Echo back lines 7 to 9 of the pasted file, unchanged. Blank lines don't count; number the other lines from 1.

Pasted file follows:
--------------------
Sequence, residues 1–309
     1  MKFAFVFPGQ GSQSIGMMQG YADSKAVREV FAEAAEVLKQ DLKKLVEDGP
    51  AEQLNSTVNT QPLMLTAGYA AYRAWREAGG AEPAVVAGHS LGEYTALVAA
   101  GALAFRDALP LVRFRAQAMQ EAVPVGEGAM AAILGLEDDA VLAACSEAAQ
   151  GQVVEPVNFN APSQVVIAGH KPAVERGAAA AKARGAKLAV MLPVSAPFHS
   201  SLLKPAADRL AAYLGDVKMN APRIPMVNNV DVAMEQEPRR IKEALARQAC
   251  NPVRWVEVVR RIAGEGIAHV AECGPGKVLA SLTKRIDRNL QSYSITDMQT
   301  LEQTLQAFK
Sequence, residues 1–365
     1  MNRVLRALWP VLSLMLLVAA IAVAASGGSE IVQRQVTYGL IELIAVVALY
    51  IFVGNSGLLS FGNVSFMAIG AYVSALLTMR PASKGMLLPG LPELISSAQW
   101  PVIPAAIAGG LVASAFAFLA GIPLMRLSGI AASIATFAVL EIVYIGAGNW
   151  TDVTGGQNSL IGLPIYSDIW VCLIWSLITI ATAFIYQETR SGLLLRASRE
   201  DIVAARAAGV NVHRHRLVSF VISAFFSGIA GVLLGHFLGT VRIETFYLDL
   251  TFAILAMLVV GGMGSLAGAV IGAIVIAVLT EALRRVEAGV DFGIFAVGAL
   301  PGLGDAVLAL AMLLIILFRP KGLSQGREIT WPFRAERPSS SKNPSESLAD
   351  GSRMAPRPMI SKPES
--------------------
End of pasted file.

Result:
   251  NPVRWVEVVR RIAGEGIAHV AECGPGKVLA SLTKRIDRNL QSYSITDMQT
   301  LEQTLQAFK
Sequence, residues 1–365